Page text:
Of course there are fundamental differences. In terms of terrain, the triple canopy jungles of the Mekong delta are certainly not the barren expanses of the Syrian desert, and unlike the Vietcong guerrillas, the Iraqi insurgents are not supported by the regular formations and heavy weaponry fielded by the North Vietnamese Army.

And, although there were factious ethnic divisions involved in the South East Asia of conflict, they cannot be compared to the deep-rooted fear and distrust between Iraq's polyglot religious and ethnic minorities.

It must also be noted that when America first became involved in the Vietnam war it was to prop up the existing South Vietnamese government and to bolster its already formed military units.

Nevertheless, throughout that decade-long conflict, despite the wholesale provision of training, modern weapons and equipment, the US attempt to make the South Vietnamese Army a viable combat force proved to be a singular failure.

When pitted against their fellow countrymen, the South Vietnamese units tended to lack resolve.

Contrast the Vietcong and North Vietnamese soldiers who often displayed a suicidal courage which prompted many a US general to ask: "Why can't our gooks fight like their gooks?"

Despite the failure of its policy in Vietnam, the Pentagon has seized upon the "Iraqification" of Iraqi security forces as the solution to battling the insurgency in Iraq.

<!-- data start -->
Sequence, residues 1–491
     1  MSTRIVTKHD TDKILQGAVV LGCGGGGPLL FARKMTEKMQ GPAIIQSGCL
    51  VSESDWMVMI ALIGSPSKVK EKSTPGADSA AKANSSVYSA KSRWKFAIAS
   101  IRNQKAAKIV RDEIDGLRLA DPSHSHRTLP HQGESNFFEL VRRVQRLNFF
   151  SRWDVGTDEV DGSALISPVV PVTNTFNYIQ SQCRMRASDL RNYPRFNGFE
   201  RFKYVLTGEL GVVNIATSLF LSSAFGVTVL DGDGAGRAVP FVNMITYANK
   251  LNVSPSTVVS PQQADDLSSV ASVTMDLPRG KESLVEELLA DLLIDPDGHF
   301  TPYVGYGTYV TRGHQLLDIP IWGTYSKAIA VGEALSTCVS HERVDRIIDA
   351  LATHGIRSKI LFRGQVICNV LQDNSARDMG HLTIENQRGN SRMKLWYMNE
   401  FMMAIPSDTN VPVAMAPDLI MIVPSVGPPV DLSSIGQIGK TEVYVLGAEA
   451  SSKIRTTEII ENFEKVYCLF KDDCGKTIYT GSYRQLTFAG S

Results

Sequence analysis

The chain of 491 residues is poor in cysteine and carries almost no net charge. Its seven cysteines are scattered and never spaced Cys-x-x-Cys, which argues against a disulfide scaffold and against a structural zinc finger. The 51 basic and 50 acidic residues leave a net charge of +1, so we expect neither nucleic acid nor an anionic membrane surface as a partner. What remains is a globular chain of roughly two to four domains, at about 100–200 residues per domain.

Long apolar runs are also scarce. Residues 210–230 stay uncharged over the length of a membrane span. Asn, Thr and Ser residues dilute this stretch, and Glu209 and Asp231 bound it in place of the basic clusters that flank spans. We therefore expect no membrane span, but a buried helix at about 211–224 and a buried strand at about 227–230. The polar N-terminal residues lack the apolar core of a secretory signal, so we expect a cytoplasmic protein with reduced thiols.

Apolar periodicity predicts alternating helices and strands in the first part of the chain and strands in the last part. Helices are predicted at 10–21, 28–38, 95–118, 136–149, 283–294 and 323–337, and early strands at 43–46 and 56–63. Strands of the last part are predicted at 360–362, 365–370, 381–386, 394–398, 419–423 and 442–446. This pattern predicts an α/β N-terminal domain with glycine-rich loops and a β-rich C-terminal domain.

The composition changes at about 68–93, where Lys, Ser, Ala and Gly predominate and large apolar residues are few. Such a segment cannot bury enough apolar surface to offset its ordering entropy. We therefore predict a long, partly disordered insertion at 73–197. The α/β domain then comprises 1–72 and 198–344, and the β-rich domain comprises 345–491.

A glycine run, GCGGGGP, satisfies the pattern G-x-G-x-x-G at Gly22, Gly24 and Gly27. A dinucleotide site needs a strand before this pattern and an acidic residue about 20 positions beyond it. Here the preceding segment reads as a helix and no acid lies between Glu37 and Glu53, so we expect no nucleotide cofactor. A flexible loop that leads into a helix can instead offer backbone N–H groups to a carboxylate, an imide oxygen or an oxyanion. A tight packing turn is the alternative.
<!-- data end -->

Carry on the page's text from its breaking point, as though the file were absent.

It is hoped that by December of this year the Iraqi police force and army will be sufficiently trained and equipped so as to enable the US military to begin withdrawing the majority of their occupation forces.

However, the Iraqi Security Forces have yet to display any consistency in combat against insurgents and their loyalty has often been called into question.

Unlike the South Vietnamese soldiers who would quietly desert their trenches, there have been a number of occasions when Iraqi police have turned against their American military counterparts in the middle of a firefight.

The open collusion between many of the police units and the insurgents is widely known to US soldiers on the ground, and for that reason the security forces are not equipped with night vision goggles, armoured vehicles or heavy weaponry.

Nevertheless, the Pentagon continues to pin its hopes on a Vietnam-style "peace with honour" pullout based on its ability to build an Iraqi army by Christmas.

Already one can hear exasperated US generals wondering aloud: "Why can't our hajis fight like their hajis?"

- Scott Taylor, 8 June 2005

Former Canadian soldier Scott Taylor is the editor of Esprit de Corps military magazine and a veteran war correspondent. He has visited Iraq 20 times since August 2000 and is the author of Spinning on the Axis of Evil: America's War against Iraq and Among the Others: Encounters with the Forgotten Turkmen of Iraq. Last September he was held hostage for five days in northern Iraq by Ansar al-Islam Mujahadin.

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revised 18 November 2005